Press Release
October 26, 2012


Senator Edgardo J. Angara called on the government to intensify its programs and reforms in social protection by creating more quality jobs and revenue-generating sources of employment for the Filipino youth.

Angara, Chair of the Senate Committee on Education, Arts and Culture, made the call following a report from the International Labor Organization (ILO) that many Asians continue to work in vulnerable and precarious forms of work, where incomes are low or unstable and access to rights and benefits is restricted.

The report highlighted that about one in six young people in the labor force are unemployed in the Philippines, as well as in Indonesia, Hong Kong, Taiwan and New Zealand. Labor market prospects for youth in parts of the Asia Pacific region remained dim," it said, citing a 17-percent youth unemployment rate in the Philippines as of the third quarter of 2012.

"There has always been the imperative for the country to create more high-value jobs to enable its people to lift themselves out of poverty," explained Angara, who is also Chair of the Senate Committee on Science and Technology.

"But when these labor issues hit our youth in such a direct manner, all the more should we ramp up our efforts towards leapfrogging our industries."

Although reports reveal that the number of Filipinos in vulnerable employment is declining slightly by 3.3 percent to 36.9 percent in Q3 2012, Angara stressed the country should not be complacent and should continue to strengthen efforts in addressing the problems of unemployment and underemployment in the country.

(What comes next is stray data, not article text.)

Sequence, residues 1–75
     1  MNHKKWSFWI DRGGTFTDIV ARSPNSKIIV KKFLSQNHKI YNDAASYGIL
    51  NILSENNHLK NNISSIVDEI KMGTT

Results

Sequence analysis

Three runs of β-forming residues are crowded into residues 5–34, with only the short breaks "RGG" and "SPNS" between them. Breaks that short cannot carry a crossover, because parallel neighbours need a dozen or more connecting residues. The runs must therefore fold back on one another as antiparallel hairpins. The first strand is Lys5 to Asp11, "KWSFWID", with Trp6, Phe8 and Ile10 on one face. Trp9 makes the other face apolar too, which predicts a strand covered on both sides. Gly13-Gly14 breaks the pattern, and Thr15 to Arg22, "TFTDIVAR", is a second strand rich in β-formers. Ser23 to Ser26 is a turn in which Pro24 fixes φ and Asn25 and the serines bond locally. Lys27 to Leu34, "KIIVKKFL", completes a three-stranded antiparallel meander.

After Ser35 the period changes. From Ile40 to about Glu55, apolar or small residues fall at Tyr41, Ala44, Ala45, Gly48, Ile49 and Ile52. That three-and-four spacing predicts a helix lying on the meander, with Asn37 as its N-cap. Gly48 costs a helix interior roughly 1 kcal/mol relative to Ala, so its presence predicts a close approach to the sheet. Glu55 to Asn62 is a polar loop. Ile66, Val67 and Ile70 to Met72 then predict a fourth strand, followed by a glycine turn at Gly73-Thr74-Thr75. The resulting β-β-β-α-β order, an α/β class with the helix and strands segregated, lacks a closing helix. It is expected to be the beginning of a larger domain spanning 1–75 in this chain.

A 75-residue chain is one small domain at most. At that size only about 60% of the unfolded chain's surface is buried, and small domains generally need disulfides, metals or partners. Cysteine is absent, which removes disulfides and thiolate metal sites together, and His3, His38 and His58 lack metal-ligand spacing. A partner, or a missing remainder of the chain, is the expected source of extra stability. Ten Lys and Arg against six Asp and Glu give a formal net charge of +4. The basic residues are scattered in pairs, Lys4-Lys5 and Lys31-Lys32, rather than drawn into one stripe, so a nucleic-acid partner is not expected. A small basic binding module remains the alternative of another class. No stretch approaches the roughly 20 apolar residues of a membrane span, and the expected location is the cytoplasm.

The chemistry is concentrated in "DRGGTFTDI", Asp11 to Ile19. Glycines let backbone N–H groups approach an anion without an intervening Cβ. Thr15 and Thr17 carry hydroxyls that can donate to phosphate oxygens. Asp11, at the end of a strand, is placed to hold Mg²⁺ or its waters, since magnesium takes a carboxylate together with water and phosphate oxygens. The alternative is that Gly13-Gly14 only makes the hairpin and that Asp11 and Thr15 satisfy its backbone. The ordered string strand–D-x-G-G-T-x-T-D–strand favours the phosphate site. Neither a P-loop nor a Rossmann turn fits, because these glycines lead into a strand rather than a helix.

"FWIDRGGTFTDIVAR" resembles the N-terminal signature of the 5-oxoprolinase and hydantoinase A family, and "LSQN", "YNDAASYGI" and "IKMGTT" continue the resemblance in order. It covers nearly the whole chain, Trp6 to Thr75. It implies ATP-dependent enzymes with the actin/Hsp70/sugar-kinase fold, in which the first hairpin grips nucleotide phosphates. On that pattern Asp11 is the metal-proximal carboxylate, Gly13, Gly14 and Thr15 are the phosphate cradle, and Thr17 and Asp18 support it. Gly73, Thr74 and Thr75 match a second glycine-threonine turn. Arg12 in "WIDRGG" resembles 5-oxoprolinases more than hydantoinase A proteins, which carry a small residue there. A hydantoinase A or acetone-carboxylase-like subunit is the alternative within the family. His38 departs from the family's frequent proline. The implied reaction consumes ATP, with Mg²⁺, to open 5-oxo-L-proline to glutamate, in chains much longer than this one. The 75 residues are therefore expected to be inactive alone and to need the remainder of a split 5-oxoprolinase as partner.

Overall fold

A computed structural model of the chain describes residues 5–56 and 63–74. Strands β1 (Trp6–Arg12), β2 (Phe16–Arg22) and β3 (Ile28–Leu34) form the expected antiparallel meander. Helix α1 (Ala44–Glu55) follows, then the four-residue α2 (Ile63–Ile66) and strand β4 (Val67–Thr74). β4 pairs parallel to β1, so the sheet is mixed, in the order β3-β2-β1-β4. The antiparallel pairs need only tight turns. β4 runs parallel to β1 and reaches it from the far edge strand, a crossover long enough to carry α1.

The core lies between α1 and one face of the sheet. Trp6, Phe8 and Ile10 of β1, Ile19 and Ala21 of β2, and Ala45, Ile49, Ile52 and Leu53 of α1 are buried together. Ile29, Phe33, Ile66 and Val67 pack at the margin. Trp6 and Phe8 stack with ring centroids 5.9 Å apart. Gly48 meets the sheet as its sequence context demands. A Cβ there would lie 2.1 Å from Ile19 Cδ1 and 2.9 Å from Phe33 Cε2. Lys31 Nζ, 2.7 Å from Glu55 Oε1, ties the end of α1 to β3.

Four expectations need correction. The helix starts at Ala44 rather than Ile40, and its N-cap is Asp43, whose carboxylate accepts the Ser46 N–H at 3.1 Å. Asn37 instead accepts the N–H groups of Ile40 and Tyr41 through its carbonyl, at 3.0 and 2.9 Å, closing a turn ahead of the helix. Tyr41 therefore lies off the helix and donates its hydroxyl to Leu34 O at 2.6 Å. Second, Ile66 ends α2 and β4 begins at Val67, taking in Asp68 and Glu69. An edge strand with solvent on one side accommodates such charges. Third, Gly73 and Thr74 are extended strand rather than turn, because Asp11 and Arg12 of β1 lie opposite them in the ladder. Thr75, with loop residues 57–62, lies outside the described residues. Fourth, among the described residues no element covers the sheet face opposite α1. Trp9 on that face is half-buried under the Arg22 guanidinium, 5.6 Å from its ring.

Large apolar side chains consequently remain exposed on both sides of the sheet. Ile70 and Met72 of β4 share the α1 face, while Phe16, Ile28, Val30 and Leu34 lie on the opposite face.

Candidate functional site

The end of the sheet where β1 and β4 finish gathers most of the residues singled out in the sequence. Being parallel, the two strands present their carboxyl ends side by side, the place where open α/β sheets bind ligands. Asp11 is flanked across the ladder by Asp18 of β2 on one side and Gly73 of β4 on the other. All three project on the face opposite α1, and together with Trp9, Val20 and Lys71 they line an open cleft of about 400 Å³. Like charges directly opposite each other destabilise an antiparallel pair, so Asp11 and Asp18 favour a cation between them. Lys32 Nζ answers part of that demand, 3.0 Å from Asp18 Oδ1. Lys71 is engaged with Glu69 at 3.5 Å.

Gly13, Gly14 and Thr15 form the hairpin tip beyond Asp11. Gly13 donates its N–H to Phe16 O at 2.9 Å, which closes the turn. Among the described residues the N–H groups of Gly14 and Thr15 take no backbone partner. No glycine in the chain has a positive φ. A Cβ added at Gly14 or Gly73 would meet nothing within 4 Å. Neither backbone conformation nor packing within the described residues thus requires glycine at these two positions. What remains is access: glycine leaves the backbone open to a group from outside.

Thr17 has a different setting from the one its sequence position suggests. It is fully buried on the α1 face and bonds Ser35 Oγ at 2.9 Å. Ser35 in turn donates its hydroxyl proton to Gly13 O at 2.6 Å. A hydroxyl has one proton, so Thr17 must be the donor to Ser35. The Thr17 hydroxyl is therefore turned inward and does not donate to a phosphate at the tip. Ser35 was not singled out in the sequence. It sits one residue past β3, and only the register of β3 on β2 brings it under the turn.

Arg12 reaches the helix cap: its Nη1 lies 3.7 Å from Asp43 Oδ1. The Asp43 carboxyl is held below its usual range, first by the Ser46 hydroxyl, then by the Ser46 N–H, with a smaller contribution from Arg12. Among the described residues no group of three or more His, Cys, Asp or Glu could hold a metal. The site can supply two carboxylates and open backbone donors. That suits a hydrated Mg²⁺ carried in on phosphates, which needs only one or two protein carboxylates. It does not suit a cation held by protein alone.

The ILO defines vulnerable employment as unpaid family workers and own-account workers "who are less likely to benefit from safety nets that guard against loss of incomes during economic hardship."

People in vulnerable employment--usually those with low educational attainment--work in informal conditions, earn low wages and receive limited legal and social protection.

Furthermore, data reveals that around 70 percent of working people in the Philippines, Indonesia, and Vietnam are employed informally in the non-agricultural sector.

"Given these considerations, this is precisely where all sectors of society - government, industry and the academe - have to come together and collaborate to create a very solid base for our industries to innovate," added Angara, who is also Chair of the Congressional Commission on Science, Technology and Engineering (COMSTE).

The veteran lawmaker noted that beginning 2011, COMSTE is working with the Department of Science and Technology (DOST) and the Commission on Higher Education (CHED) on the establishment of innovation clusters - public-private partnerships (PPPs) in Science and Technology (S&T) and R&D towards spurring job opportunities and industry growth.

A little over P300 million in the 2012 budget has been allocated for the deployment of clusters focused on the following areas: 1) Algae Research and Commercialization; 2) ICT for Cloud Computing; 3) Responsible Mining Technologies; 4) Disaster Science and Risk Reduction; and 5) Smart Agriculture and Precision Farming.

Angara stressed that as deliberations for the 2013 budget are underway, new clusters have also been recommended to tackle 1) Aging and Regenerative Medicine; 2) Renewable Energy for Off-Grid Applications; 3) Food Safety and Traceability; and 4) Marine Science.

The veteran lawmaker concluded, "Only by aligning the energies and resources of the academe, the government and of industry towards conducting meaningful R&D can the opportunity broaden for high-value jobs to be created throughout the country."

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